GREECE, N.Y. (WROC) — Hand sanitizers have played a big part in preventing the spread of the virus. But as schools reopen – you won’t see them installed in school buses.
Students won’t even be allowed to bring them on the bus. Under the state’s reopening guidance for school transportation, concerns of its flammable component is what restricts the use of it. It also states, school bus drivers, monitors, and attendants must not carry personal hand sanitizer bottles with them.
The state department of education recommends schools instead consider a policy of giving students hand sanitizer when they’re entering the building or in the classroom.
“We know students are going to be probably transporting hand sanitizers on the bus,” said David Richardson, Executive Director of Student Operations for Greece Central School District. “I am thinking about the elementary students that have the little bottles hanging off their backpacks, right? Are we going to confiscate that and make that child’s life difficult? no, but we will be reminding students they can not be using hand sanitizers on the bus.”
Richardson assures parents that the state mandates bus drivers to disinfect inside the bus after every route and wipe down the high touch areas. Buses will be cleaned daily – a deeper clean weekly and electrostatic sprayer that will be only done on extended weekends.
Meanwhile, bus driver shortage continues to be an issue, even before the pandemic. More drivers are going to be needed as staggering student’s schedules are anticipated to have an impact. GCSD is still hiring bus drivers and attendants to meet the need.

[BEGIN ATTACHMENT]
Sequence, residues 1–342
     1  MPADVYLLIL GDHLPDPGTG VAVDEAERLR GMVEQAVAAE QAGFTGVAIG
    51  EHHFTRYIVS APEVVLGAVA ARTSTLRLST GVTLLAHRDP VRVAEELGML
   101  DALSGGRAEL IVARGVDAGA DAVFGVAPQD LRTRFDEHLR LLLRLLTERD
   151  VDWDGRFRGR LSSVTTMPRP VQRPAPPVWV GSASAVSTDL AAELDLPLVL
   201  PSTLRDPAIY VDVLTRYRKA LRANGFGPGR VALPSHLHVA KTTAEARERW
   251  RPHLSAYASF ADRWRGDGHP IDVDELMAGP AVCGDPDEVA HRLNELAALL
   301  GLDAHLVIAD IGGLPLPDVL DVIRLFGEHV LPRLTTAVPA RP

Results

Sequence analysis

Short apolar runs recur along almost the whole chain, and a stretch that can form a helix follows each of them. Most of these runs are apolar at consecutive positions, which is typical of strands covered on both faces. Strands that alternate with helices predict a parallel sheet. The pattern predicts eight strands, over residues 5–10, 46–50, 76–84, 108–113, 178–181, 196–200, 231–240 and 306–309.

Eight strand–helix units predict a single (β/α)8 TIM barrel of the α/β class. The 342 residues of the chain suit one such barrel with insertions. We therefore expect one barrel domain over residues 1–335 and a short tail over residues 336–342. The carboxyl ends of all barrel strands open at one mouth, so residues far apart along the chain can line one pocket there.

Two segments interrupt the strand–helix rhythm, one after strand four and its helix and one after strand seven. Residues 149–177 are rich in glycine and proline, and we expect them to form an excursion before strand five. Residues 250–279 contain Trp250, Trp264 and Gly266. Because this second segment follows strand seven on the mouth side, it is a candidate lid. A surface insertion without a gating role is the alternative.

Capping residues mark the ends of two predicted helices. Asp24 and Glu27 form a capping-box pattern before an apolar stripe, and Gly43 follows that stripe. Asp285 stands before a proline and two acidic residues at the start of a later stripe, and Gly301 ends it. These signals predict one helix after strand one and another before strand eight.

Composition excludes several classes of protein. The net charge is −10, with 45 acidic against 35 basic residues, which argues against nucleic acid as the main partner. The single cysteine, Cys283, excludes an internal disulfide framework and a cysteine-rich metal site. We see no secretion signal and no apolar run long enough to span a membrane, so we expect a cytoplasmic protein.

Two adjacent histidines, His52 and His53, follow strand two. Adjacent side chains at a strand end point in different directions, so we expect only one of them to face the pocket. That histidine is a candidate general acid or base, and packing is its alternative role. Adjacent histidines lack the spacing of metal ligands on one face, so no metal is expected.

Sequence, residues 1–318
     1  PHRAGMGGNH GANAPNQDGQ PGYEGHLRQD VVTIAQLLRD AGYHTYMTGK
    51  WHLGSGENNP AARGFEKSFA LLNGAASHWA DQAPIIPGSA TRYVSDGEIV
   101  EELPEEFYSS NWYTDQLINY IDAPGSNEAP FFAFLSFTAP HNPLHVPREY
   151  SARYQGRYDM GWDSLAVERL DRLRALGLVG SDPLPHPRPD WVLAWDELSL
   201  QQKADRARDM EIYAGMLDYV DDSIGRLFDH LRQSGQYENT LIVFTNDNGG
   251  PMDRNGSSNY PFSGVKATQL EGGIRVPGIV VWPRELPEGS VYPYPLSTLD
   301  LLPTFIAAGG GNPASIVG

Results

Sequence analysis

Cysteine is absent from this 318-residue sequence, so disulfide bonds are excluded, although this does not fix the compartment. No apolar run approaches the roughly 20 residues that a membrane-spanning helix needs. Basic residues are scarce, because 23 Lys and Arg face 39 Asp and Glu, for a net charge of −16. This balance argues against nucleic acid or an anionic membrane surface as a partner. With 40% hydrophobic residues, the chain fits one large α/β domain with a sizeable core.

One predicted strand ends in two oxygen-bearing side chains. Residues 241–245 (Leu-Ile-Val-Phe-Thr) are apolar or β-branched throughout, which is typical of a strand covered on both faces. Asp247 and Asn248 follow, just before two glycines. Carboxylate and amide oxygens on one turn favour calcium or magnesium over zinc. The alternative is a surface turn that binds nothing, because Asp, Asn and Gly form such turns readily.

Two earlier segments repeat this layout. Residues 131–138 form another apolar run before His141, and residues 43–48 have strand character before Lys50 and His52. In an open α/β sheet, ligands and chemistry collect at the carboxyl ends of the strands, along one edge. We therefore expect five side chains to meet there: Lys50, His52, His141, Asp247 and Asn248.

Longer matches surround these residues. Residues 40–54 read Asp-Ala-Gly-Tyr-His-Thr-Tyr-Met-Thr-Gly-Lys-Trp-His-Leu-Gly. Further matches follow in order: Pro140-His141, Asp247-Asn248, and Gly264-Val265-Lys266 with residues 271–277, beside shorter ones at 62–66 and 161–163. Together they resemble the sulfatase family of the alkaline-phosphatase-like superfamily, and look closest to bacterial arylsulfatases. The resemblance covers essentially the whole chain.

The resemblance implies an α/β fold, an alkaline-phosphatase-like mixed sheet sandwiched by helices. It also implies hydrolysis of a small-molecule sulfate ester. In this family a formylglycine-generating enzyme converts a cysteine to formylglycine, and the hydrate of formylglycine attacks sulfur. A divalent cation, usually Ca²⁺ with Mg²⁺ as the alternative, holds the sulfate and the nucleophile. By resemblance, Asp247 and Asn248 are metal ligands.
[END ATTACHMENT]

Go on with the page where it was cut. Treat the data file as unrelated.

Greece Central’s plan on bus routes is to keep them as is. According to Richardson, the routes may have to be smaller and there may need to be more buses going out to do routes for individual schools. Since they also serve more than a thousand non-Greece Central students. Right now they’re looking at their current driver’s availability and staff. They have letters of assurance and have a base line number of drivers and attendance that they’re counting on. But they anticipate any possible changes.
“Realizing the changes and in their daily responsibilities, the cleaning protocols that are going to be in place and their own health and well being they may say, you know what, this isn’t for me. We are anticipating some of that, as all districts are,” said Richardson. “Teachers included right. So that’s something we’re going to have to match up is staff and the number of runs we have and how we cover those. That’s part of the work in the next couple of weeks.”
Richardson says hybrid scheduling and parents choosing to transport children themselves would reduce the need for more buses.